Microsoft has unveiled a new program that allows its larger customers to combine separate product licensing agreements under one master contract, which could help them to get bigger volume discounts.
The move, announced Tuesday, is another step in a series of changes intended to improve Microsoft's product licensing terms and make them easier for companies to navigate.
The new Select Plus program is an upgrade to Microsoft's existing Select volume-licensing program. Select Plus allows customers who have multiple purchase contracts -- at different departments in a large company, for example, or even in different countries -- to combine them all into one master contract, said Chris Blackley, a director with Microsoft's Worldwide Licensing and Pricing Group.
This will allow customers to "aggregate" all of the purchases they make and "drive a higher volume discount," because the combined amount purchased will often put them into a different licensing class, he said.
Duncan Jones, an analyst with Forrester, said he knows many companies that have not been able to take advantage of volume-license discounting from Microsoft because licenses have been dispersed across the companies' different business units.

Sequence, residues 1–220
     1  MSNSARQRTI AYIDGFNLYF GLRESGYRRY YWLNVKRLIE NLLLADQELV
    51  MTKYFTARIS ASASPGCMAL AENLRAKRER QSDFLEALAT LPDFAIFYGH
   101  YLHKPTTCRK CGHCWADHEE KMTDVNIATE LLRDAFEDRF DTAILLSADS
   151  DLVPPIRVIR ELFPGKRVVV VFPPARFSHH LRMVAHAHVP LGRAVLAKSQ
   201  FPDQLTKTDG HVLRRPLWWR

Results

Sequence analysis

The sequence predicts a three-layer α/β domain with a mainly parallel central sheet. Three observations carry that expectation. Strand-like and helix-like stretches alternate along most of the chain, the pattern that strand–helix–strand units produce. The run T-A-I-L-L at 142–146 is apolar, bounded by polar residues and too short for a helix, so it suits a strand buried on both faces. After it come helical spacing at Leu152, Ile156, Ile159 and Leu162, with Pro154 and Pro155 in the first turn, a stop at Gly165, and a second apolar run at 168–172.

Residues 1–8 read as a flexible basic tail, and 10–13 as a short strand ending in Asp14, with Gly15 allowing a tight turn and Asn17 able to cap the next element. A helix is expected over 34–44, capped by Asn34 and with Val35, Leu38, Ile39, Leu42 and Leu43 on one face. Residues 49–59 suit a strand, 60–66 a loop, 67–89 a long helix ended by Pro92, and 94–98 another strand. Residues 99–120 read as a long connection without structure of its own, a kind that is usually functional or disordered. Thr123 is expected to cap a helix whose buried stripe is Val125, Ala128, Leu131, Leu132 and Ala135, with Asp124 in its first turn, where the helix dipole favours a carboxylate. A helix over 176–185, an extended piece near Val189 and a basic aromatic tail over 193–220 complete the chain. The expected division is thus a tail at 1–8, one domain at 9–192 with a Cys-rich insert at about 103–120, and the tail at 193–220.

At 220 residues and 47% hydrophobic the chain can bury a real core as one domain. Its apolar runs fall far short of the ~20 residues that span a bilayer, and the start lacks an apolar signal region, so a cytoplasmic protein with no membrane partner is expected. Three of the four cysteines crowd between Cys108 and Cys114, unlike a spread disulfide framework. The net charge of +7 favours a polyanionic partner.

Select Plus now gives them an opportunity to take advantage of this benefit, he said.
"Now all they have to do is sign up [to Select Plus]," he said. "The business units can still decide what they want to buy and when they want to buy it, and the enterprise will automatically get the volume discount. It's much simpler for that kind of company."
Microsoft puts customers into different licensing classes depending on how much software they purchase, and the discounts they get -- which are often negotiated with authorized Microsoft resellers -- range from about 10 percent to 25 percent depending on the licensing class the customer is in.
Select licensing members with 250 or more desktops can migrate to Select Plus when any one of their contracts with Microsoft comes up for renewal. Other contracts can then be added to the Select Plus contract even if they haven't expired yet, Blackley said. There are no fees associated with moving from Select to Select Plus.
With Select Plus, Microsoft is also changing the way that Select license agreements relate to Software Assurance (SA), Microsoft's oft-criticized software maintenance and upgrade program.
SA is a three-year license agreement. But if customers sign up for SA six months into the year of a Select contract, they still pay for the whole first year of SA, along with the two subsequent years. Microsoft does not pro-rate SA for any contract time lost under Select licensing, Blackley said.
Select Plus does not work that way. A customer will now get the entire three years of SA -- for the same price as a Select licensee would pay for an abbreviated agreement -- no matter when they sign up for SA, Blackley said.
It was criticism from customers that led to the changes Microsoft is making to SA with Select Plus, Blackley said. "Customers were very vocal on that and we're trying to fix it," he said.